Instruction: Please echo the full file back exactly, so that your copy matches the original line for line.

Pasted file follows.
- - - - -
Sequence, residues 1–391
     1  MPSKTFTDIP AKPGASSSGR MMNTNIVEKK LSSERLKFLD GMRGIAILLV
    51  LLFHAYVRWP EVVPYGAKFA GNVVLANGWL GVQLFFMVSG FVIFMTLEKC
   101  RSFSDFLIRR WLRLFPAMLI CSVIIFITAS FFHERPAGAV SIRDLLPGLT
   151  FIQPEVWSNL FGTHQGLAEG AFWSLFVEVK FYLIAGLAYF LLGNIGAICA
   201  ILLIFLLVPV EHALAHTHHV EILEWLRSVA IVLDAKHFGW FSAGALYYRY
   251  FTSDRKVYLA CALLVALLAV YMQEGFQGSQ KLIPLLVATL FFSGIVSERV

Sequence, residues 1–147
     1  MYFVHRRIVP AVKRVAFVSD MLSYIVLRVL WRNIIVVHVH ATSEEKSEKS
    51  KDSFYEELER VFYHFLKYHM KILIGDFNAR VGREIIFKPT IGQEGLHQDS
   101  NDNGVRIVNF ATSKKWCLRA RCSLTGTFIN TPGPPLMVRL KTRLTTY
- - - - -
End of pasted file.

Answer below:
Sequence, residues 1–391
     1  MPSKTFTDIP AKPGASSSGR MMNTNIVEKK LSSERLKFLD GMRGIAILLV
    51  LLFHAYVRWP EVVPYGAKFA GNVVLANGWL GVQLFFMVSG FVIFMTLEKC
   101  RSFSDFLIRR WLRLFPAMLI CSVIIFITAS FFHERPAGAV SIRDLLPGLT
   151  FIQPEVWSNL FGTHQGLAEG AFWSLFVEVK FYLIAGLAYF LLGNIGAICA
   201  ILLIFLLVPV EHALAHTHHV EILEWLRSVA IVLDAKHFGW FSAGALYYRY
   251  FTSDRKVYLA CALLVALLAV YMQEGFQGSQ KLIPLLVATL FFSGIVSERV

Sequence, residues 1–147
     1  MYFVHRRIVP AVKRVAFVSD MLSYIVLRVL WRNIIVVHVH ATSEEKSEKS
    51  KDSFYEELER VFYHFLKYHM KILIGDFNAR VGREIIFKPT IGQEGLHQDS
   101  NDNGVRIVNF ATSKKWCLRA RCSLTGTFIN TPGPPLMVRL KTRLTTY